Diverse Strategies, Common Purpose: Selling Public Franchises for Private Gain

          My third book, Regulating Mergers and Acquisitions of U.S. Electric Utilities: Industry Concentration and Corporate Complication, will be published by Edward Elgar Publishing in Fall 2020. (Click here for a Summary of Contents.) From February 2020 through March 2021, each monthly essay will excerpt a book chapter. Last month's excerpt, of the Preface, is available here. This month is Chapter 1. I hope this essay series, and the book, will stimulate a community-wide discussion on this crucial topic.

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          A utility gets its earnings from a unique market position—a monopoly position, embodied in an exclusive franchise granted and protected by state law. Selling control of that monopoly position brings gain to the seller, new earnings to the buyer. The parties sell and buy a public franchise for private gain. Customer benefits, if any, are incidental.

 

Merger purpose: Monetize the government-granted franchise

          In a truly competitive market, a successful company gets its market position by merit. Its assets, executive leadership and employee knowledge, financed with dollars risked by investors, combine to provide a service that its customers prefer over its competitors'. And this market position comes with no guarantees. To maintain it, the company must keep beating its competitors. 

         Contrast your utility. It got its market position not by merit but by government favor. As long as it performs prudently, it keeps that market position—a monopoly position that comes with the right, protected by statutory and constitutional law, to receive a fair return on its prudent, used-and-useful investments. That monopoly market position has high value. In a utility merger, the buyer and seller each aim to unlock that value.

         The target's goal: Sell franchise control to get gain. When a company seeks acquirers, state corporation law imposes a fiduciary duty: get the highest price. The utility’s board becomes an auctioneer, pushing bidders to raise their bids until all but one drop out. Utilities’ proxy statements—SEC-required filings explaining these transactions to voting shareholders—regularly document how their boards picked the company offering the highest price.1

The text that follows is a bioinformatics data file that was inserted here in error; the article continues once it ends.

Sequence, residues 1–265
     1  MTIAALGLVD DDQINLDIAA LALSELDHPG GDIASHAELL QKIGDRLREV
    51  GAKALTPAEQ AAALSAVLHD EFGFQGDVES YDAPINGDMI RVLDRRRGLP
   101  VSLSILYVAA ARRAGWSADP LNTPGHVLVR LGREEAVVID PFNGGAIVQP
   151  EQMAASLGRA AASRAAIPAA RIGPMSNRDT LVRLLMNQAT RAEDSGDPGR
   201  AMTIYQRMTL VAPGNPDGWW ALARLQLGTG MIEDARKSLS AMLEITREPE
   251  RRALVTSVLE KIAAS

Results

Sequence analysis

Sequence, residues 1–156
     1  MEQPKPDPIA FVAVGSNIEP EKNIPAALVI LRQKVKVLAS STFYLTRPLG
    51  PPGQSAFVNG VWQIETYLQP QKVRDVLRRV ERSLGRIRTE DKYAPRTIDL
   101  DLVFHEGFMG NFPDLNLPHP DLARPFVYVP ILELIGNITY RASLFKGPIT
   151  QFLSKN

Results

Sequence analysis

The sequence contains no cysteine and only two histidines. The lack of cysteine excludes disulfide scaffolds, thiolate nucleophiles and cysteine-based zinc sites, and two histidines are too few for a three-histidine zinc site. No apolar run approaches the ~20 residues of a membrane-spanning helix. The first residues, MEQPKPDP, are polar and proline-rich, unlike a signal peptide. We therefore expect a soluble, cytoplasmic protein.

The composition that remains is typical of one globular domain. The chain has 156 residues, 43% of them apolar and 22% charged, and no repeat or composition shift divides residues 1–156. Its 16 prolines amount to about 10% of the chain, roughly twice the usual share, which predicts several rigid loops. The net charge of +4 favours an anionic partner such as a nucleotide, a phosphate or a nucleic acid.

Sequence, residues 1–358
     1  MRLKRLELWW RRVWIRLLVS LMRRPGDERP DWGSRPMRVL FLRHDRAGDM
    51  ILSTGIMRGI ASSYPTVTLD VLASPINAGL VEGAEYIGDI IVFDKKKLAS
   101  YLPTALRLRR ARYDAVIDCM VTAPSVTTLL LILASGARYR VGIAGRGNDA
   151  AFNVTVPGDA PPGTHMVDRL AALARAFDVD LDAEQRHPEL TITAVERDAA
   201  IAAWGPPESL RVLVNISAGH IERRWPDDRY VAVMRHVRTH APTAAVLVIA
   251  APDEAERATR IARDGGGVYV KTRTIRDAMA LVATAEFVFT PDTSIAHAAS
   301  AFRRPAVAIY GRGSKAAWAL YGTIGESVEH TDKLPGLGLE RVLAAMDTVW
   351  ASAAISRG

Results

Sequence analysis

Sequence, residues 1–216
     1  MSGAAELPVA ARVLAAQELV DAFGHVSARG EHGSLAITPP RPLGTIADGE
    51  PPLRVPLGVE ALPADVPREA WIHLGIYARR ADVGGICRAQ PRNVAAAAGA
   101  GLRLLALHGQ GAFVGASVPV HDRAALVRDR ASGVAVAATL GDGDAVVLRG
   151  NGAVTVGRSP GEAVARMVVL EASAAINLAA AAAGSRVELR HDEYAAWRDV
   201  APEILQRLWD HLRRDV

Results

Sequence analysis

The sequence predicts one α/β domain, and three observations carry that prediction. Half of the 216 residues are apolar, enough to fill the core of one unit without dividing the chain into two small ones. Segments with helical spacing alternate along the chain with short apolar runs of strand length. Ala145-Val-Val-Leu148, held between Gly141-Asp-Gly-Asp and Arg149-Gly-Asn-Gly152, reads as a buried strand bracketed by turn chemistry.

Services

Testimony, Papers, and Presentations

Hempling testimony to D.C. PSC (Feb. 2020)
Direct testimony before the Public Service Commission of Wisconsin in the Joint Application of Wisconsin Electric Power Company and Wisconsin Gas LLC, for Authority to Adjust Electric, Natural Gas, and Steam Rates
A layperson’s introduction to regulation created by Scott Hempling in support of The British Columbia Utilities Commission's inquiry into whether utility regulation should extend to utilities owned by indigenous nations.
This tesimony relates to the modification of rates, charges, and tariffs for retail electric service in Oklahoma.
The testimony relates to AltaGas’s proposed acquisition of WGL Holdings, Inc. and Washington Gas Light Company.

Books by Hempling

Regulating Public Utility Performance

“[A] comprehensive regulatory treatise …. In all respects, it merits comparison with Kahn and Phillips."

Regulating Public Utility Performance:  The Law of Market Structure, Pricing and Jurisdiction

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Preside or Lead

Preside or Lead?
The Attributes and Actions of Effective Regulators

Now Available on Kindle

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Hempling Appearances

Energy Bar Association
Panel on Practice Principles for New Regulatory Lawyers


UDC Law School Panel
Is the Exelon Takeover of Pepco in the Public Interest?


Nigeria Electricity Regulatory Commission
3rd Judges’ Seminar


Telecom Forum
Asamblea Plenaria REGULATEL


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